Things are developing much as I predicted in last month’s column. While the vaccination of seniors progressed, the number of infections surged, and Tokyo declared another state of emergency. In an attempt to control the number of new cases, which it takes to be the most important indicator of the pandemic, the Japanese government has tried to prevent infections at restaurants that serve alcohol, which has just extended the economic malaise. And now the government has turned the Olympics into an event with all pain and no gain! I think public perceptions like these are why the flow of people hasn’t halted.
If your son isn’t studying, simply yelling at him to “Go and study!” isn’t helpful. If he has no inclination to study, he will just sit at his desk and pretend. This achieves nothing. I see parallels to the situation with the Japanese government and restaurants: attempts to force restaurants to curb alcohol sales are useless. More than just imbibing alcohol, Japanese people think of drinking establishments as places to communicate. Just telling people (who don’t think banning alcohol sales will improve the situation anyway) not to visit such establishments won’t have the intended effect.
Here’s an easy example that our country’s experts and leaders should be able to imagine if they try: a four-person household, made up of a husband, wife, and two children. In the morning, the two parents each go off to their jobs, and the children go to their respective schools. These four people spend all day working and studying within their respective communities. When evening comes, the four members return home to spend time together as a family. No bans on drinking alcohol at home are in place, so the parents might have a drink as they communicate with each other and their children. Unless the experts and national leaders are willing to do away with pleasant opportunities for communication such as this, they won’t be able to achieve their aims. Families are sure to enjoy the spectacle of the Olympics at home, but nobody’s checking to make sure that family members are wearing their masks as they sit together in front of the TV. Given this scenario, the Olympics is likely to be a source of new infections within the home.
Making restaurants the bad guys does nothing to reduce new infections. All it achieves is to shift profits away from drinking establishments and toward convenience stores and supermarkets. Our country’s leaders have defined “locations that serve alcohol along with food” as places where infection spreads. That’s all wrong. The correct definition should be “places where maskless communication occurs.” The starting definition is wrong, so it’s no surprise that the resulting actions are mistaken, too. Unless the government is willing to accept this more accurate definition, it will be unable to introduce appropriate measures.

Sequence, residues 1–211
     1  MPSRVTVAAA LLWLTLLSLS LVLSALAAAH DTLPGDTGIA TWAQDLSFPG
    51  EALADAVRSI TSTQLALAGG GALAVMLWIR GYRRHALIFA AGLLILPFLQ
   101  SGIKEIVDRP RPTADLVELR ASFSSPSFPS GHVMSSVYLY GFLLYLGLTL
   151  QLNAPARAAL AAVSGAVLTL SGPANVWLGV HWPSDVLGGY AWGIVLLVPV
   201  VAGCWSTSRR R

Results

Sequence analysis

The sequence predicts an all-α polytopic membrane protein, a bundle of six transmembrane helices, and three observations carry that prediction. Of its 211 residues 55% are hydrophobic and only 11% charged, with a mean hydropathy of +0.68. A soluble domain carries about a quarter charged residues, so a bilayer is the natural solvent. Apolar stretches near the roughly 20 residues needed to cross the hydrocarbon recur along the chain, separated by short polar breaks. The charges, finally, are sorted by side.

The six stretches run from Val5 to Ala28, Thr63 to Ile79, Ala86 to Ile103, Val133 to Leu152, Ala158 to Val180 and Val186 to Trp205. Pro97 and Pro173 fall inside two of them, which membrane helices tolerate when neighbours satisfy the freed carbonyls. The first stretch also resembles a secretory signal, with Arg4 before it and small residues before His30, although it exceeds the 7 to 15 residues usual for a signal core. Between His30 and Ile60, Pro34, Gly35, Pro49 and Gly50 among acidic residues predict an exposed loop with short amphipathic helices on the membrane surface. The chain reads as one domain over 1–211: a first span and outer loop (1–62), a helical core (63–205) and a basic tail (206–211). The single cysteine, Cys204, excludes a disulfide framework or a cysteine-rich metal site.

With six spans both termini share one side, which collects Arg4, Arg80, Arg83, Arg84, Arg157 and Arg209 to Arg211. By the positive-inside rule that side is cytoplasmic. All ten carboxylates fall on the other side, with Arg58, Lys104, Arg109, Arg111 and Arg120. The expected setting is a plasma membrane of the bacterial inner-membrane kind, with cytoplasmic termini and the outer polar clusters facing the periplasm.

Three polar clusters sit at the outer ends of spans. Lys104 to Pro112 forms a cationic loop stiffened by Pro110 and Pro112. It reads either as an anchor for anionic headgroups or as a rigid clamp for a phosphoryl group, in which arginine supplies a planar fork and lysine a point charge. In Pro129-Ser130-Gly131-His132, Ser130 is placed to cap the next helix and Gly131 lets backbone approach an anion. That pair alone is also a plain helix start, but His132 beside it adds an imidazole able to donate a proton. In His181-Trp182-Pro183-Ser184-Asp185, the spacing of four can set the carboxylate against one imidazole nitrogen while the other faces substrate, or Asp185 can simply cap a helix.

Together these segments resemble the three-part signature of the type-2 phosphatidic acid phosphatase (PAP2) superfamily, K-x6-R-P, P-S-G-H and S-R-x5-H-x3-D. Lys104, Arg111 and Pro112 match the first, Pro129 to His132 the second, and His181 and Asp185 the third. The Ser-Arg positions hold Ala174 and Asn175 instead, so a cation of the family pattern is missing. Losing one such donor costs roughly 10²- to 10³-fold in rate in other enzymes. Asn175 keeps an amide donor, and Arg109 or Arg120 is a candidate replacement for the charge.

Since the start of July, 14 people in Tokyo have died of COVID-19 in half a month (a 15-day period). This result might be because of the focus on vaccinating seniors first. Some 120,000 people die each year, or around 5,000 per month. In other words, COVID-19 is responsible for just 0.28% of deaths. If we take number of deaths as the key performance indicator, declaring a state of emergency is unreasonable. I’ve been saying this over and over again in my columns, but rather than reducing the number of infections, the government needs to take an objective look at the data and reduce the useless sense of horror that people are feeling.
To change the subject slightly, as humans we tend to fear death and do what we can to avoid it. A long life is considered a virtue; few people would dispute that. Japanese rank among the longest-lived people in the world, and this fact is glorified in the news every year. But surely the length of life isn’t all that’s important. We need to think about the quality of life as well. Alongside the question of “How long can I maintain a state of living?” as a society we need to ask ourselves “How can I make that time fulfilling?” I think the time has come for the nation’s leaders to start talking about the shift in emphasis from quantity to quality, and for the Japanese people to begin thinking along these lines. Instead, it seems we are just reflecting back on past glories.
The same sort of mistaken emphasis exists with regard to the economy. At its peak, Japan’s GDP ranked second in the world. However, since the start of the 21st century, economic growth has been near zero. Meanwhile, countries in Europe and the Americas, China, and other parts of Asia have outpaced Japan’s growth levels and become steadily richer. With the Japanese population aging and shrinking every year, we can no longer pursue quantity. Since the start of the 21st century, technological innovations have always come from overseas. Japan, meanwhile, seems to be scraping by on the assets it built up in the 20th century. We need to redefine wealth based on the tangible and intangible assets we own. I think many would agree that government policy needs to do away with its emphasis on quantity and focus on quality.
Chairman and CEO
Kamakura Shinsho, Ltd.